When I was growing up, every day after school, I would play school. I would get home, enjoy some Oreos dipped in cold milk, and then go right into my pretend classroom. I would be the teacher, of course. I would direct lessons at the chalkboard, calling on imaginary students to respond to my questions. I would write on the board with fresh pieces of long, white chalk, leaving the chalk nubs for my sister. I would go outside to collect the children and wait until they were quiet and in a line before going inside. (My invisible class was very disruptive. I remember I had to discipline them a lot.) As I look back, I can’t even imagine how many personal problems I worked out through that play. I was a quiet kid who followed the rules, and I’m certain that becoming the teacher and ruling over the disruption must have given me the power to work through my worries and troubles at school.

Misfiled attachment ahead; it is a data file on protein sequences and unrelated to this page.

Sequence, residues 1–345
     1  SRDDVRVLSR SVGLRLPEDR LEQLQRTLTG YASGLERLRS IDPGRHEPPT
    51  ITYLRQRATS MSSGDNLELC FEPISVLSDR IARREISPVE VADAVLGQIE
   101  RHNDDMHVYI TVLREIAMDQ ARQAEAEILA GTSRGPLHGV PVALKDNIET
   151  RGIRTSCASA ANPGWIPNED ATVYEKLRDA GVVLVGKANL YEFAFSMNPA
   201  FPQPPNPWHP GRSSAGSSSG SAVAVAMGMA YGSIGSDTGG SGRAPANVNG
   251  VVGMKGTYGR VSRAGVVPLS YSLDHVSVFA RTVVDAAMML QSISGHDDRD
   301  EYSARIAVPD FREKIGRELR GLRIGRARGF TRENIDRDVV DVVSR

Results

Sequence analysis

If you had asked me back then what I wanted to be when I grew up, I would’ve told you either a cash register lady or a stewardess (which is what flight attendants were called in the 70s). But, clearly, my natural curiosity and interest was in teaching.
As your children play, stay close at times and quietly notice how they choose to spend their time. Give them the luxury of unscheduled free time every single day, so they learn to use their imaginations. Notice if they play in a way that helps them work through the ups and downs of their day. Observing their play will tell you a lot about them- things they can’t articulate. This will help you guide them to become the person they were genuinely meant to be.